Mozilla’s Mark Surman: Let’s make AI as trustworthy as seatbelts

In a tech landscape that foments continual change, Mozilla’s approach has been unwaveringly constant: magnify the public benefits of the internet through fair and open access. That credo, outlined in the company’s Manifesto back in 2007, remains in place today.

Long before he ever joined Mozilla, Mark Surman espoused those same beliefs. As president and executive director of the Mozilla Foundation, Surman is a leading advocate for trustworthy AI, digital privacy, and the open internet, and he has built the foundation into a major philanthropic and advocacy voice.

In his interview with McKinsey’s David DeLallo, Surman outlines what it will take to achieve trustworthy AI and the value that will come to those that lead in this area. An edited version of their conversation follows.

David DeLallo: How are Mozilla Firefox and the Mozilla Foundation related?

Mark Surman: The Mozilla project began about 25 years ago as a bunch of activist, radical hackers who believed in open-source principles and wanted to create an alternative bowser to the then dominant Internet Explorer. Right from the start, our idea was to establish an open internet. After about five years, we realized we needed to enable that more broadly, so we created the foundation to serve as a public asset. We also wanted to set up a company that could play in the market and influence what consumers use, so we established a subsidiary, the Mozilla Corporation, to produce Firefox. This is who we are today. We’re Mozilla, and we have an activist arm and a product arm, and together we think they can help move the internet and AI in a better direction.

David DeLallo: As a longtime advocate of responsible technology use, how would you define trustworthy AI?

Mark Surman: Mozilla was founded on the belief that privacy, security, transparency, and human dignity matter. And although technology has changed, those values have not. Just as we pushed for a trustworthy web in our early days, what matters today is that we have trustworthy AI and data-driven computing that work in the interests of people and that are shared and open. When we first started working on a browser, what mattered was keeping the web open and making sure it worked across every computer. And we think about those same values today.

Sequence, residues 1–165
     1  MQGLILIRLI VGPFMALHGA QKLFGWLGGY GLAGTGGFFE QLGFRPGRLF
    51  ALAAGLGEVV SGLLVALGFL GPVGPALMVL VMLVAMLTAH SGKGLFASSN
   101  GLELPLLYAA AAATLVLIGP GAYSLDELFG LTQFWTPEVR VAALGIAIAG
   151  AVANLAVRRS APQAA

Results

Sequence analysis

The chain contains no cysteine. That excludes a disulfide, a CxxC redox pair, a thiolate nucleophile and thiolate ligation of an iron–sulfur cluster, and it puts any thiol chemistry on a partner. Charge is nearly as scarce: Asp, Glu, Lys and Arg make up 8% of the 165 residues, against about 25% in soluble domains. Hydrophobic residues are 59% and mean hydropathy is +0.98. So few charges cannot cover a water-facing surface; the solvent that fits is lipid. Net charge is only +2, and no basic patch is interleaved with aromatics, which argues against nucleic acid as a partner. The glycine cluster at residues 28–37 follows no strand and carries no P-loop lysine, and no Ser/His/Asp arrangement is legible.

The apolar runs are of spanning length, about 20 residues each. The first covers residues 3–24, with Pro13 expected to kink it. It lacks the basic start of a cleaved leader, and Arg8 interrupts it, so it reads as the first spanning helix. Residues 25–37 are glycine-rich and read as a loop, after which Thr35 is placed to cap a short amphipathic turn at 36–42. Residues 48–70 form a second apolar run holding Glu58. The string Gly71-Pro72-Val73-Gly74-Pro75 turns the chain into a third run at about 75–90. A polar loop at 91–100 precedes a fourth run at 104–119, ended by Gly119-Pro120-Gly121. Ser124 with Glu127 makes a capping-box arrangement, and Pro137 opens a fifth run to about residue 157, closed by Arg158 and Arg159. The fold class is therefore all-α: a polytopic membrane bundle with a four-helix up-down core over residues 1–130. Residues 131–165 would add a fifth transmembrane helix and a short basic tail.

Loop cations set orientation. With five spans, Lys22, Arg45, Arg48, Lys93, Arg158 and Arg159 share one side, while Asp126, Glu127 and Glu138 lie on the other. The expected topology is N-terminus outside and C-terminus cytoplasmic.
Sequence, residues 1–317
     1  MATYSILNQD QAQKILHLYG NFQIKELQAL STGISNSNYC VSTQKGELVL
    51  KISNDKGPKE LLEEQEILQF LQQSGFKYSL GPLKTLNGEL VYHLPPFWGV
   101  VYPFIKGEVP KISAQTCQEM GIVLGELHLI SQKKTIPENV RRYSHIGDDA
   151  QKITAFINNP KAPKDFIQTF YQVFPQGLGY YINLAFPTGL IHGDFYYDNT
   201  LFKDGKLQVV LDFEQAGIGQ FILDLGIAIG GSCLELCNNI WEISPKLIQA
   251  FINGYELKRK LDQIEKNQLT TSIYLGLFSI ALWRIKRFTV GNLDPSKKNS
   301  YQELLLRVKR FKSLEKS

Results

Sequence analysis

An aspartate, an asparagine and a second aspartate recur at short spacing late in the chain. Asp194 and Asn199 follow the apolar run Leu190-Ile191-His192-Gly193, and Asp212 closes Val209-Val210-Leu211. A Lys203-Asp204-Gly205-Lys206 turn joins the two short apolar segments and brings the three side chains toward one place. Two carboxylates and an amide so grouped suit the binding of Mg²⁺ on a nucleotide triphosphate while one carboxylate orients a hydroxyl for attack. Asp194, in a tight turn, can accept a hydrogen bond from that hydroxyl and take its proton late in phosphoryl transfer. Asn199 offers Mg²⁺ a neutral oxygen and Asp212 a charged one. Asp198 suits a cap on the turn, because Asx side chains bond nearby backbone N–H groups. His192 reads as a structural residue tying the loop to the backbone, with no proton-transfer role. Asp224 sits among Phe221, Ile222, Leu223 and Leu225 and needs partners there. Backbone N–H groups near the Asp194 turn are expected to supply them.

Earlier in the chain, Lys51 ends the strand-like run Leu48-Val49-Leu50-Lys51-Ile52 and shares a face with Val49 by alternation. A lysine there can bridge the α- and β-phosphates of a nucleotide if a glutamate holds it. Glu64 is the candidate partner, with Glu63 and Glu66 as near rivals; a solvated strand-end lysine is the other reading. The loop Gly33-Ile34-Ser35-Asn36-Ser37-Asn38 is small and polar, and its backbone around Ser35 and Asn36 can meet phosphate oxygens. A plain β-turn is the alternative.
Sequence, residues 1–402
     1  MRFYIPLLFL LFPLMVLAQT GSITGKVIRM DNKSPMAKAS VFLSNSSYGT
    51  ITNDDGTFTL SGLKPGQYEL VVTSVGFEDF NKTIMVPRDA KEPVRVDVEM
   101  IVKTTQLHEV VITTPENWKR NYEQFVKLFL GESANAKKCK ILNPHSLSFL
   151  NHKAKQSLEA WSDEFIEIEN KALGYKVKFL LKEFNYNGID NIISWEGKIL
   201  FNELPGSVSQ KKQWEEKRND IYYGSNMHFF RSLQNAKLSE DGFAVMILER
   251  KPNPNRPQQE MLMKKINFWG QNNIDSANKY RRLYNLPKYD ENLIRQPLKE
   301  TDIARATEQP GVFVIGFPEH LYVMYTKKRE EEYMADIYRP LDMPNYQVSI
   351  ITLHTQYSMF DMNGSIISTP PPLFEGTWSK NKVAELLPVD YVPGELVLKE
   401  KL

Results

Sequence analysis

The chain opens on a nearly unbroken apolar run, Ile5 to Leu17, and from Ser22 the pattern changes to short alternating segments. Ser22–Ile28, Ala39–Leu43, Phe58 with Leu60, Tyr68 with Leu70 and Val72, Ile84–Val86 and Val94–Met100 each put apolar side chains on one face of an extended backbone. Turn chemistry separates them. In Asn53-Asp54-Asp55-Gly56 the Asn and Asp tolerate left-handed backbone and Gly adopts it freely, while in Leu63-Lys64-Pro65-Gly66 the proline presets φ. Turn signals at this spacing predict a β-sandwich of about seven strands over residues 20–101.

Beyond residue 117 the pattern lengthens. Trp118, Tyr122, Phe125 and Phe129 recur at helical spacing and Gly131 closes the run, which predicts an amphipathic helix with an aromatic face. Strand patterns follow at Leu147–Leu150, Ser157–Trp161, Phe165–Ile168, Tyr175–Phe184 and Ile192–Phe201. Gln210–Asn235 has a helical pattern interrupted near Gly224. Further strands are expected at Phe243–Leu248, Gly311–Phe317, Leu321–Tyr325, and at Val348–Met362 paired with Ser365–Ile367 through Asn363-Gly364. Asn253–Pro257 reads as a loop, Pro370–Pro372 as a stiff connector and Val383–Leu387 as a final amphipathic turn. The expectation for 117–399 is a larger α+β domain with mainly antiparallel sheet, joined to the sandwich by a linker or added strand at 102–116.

Trustworthy AI involves two things. The first is AI that promotes human agency and allows users to control what things that have AI inside them do, see how they work, and make informed choices about if and how to use them. The second is accountability. For people who misuse AI or deploy it in sloppy ways, there must be repercussions. Ultimately, that’s what trustworthy AI boils down to for us.

David DeLallo: How do businesses reconcile the potential conflict between providing transparency around AI and ensuring that they safeguard competitive advantage?

Mark Surman: It’s a misnomer—though one deeply baked into our logic about computing, the internet, and digital society today—to think that trust and profit or customer value and transparency are in contrast. Look at the auto industry. Volvo made its name on creating the safest car.

I believe there is a real opportunity to create AI that consumers believe in—because customers are the people you’re making the product for, and they want to trust you. At Mozilla, we want our product to say, “This is technology you can trust. Not only will it not harm you, but it will protect you, and you can control it.” We just need to switch the mental model to that.